<![CDATA[by David Rogers
While we looked into book headbands and endbands briefly in our article on hardcover books, we wanted to delve a little deeper into the popular option available for case bound and case wrapped hardcover books.
What are Headbands?
First thing’s first: endbands are the thin, usually multi-colored strip of fabric at the top and the bottom of the spine of many hardcover books, as illustrated by the black and white strip on the book below.
As for the terminology, the band on the top of the book is the headband, while the one of the bottom is the tailband. Both are called endbands.
For the sake of clarity, we will just use the term endbands throughout the remainder of this article.
History of Book Endbands
Endbands originated centuries ago as a functional way to reinforce the strength of the spine of a book. The endbands tied into the other parts of the sewn binding and produced stronger tops and bottoms that were less prone to fraying. The two (and sometimes more) colors seen on endbands today originated from two or more colors of thread being used to sew the original endbands.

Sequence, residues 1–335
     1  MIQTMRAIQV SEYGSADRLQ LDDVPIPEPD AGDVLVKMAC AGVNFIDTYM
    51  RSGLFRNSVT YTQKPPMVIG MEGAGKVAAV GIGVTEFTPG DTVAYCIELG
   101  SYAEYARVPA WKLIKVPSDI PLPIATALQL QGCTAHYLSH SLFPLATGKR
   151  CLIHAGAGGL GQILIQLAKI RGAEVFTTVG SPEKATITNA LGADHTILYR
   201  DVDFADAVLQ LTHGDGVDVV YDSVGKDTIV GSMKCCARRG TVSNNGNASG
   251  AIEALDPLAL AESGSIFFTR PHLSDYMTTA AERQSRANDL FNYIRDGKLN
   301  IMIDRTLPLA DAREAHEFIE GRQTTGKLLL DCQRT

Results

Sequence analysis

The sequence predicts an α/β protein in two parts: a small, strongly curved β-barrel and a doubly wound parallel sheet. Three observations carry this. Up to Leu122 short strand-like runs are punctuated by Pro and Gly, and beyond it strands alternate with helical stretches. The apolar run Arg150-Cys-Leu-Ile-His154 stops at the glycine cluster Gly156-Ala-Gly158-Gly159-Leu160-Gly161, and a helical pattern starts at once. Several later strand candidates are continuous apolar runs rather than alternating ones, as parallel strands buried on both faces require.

The crafts blog From Hell to Breakfast has an in-depth, photo illustrated guide to producing your own endbands. Even if you have no plans to do so, the article is worth checking out to get a in-depth look at how the bands work and the purpose they serve.
If you take a look at the endbands of most modern books you’ll see that they are no longer sewn into the binding. Therefore, today’s endbands are purely aesthetic and decorative.
This does not, however, mean that today’s books are weaker than older books.
These days, most hardcover books are glued together rather than sewn. Because this glue is applied to the entire length of the spine, it provides more than enough strength to hold the book together for a lifetime.
The endbands are also glued into the book to provide a classic, dignified look. While not necessary, many authors, readers and designers prefer the look of endbands.]]>